Many power plant operators have begun replacing outdated level instrumentation with newer technologies to accurately control feedwater heater levels and decrease their plant’s heat rate. However, assurance of proper performance can only be determined with a feedback reporting system in place.
There are three primary parameters that you can use to monitor individual heater performance. The following definitions and diagram highlight these parameters.
- Feedwater Temperature Rise is the difference between the feedwater outlet temperature and the feedwater inlet temperature. A properly performing heater should meet the manufacturer’s design specifications, provided the level controls are up to the task.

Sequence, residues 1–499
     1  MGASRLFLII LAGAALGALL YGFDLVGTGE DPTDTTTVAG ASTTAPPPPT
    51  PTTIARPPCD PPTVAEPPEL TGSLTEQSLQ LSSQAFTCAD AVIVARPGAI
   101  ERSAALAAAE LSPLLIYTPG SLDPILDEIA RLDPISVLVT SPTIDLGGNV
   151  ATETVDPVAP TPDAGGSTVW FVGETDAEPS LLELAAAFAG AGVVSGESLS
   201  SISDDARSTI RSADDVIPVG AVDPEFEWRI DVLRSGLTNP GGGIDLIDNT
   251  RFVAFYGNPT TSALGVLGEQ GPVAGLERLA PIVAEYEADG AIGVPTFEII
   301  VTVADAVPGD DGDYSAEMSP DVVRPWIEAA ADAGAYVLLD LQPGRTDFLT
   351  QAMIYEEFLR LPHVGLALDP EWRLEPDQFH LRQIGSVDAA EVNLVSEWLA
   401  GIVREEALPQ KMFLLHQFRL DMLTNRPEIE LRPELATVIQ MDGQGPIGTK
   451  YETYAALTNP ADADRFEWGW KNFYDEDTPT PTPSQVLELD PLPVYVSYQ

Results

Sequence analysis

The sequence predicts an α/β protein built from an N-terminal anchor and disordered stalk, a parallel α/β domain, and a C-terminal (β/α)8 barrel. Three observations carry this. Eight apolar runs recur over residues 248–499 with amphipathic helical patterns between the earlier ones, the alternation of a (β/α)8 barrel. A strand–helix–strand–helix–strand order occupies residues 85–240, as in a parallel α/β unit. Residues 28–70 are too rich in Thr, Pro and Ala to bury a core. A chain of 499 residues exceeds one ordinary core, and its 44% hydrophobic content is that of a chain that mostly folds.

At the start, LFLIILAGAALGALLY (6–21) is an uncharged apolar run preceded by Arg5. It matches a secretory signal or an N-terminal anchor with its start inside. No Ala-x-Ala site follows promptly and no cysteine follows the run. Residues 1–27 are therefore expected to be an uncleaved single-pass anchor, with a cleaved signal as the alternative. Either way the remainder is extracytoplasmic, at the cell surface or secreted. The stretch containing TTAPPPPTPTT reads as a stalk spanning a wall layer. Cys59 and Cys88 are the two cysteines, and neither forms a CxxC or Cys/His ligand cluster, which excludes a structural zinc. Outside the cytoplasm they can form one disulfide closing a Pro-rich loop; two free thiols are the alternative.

- Terminal Temperature Difference (TTD) provides feedback on the feedwater heater’s performance relative to heat transfer. TTD is defined as the saturation temperature of the extraction steam minus the feedwater outlet temperature. An increase in TTD indicates a reduction in heat transfer, while a decrease indicates an improvement. Typical ranges for TTD on a high-pressure heater with and without a desuperheating zone are -3° F to -5° F and 0° F, respectively. The TTD for low-pressure heaters is typically around 5° F. Steam tables and an accurate pressure reading are required to complete this calculation.
- Drain Cooler Approach (DCA) is a method used to infer feedwater heater levels based on the temperature difference between the drain cooler outlet and the feedwater inlet. A typical value for DCA is 10° F. An increasing DCA temperature difference indicates the level is decreasing and a decreasing DCA temperature indicates a rise in level.
This Is Part Four of Our Heat Rate Series …
This post is part four of our six-part blog series on heat rate. Read the previous post.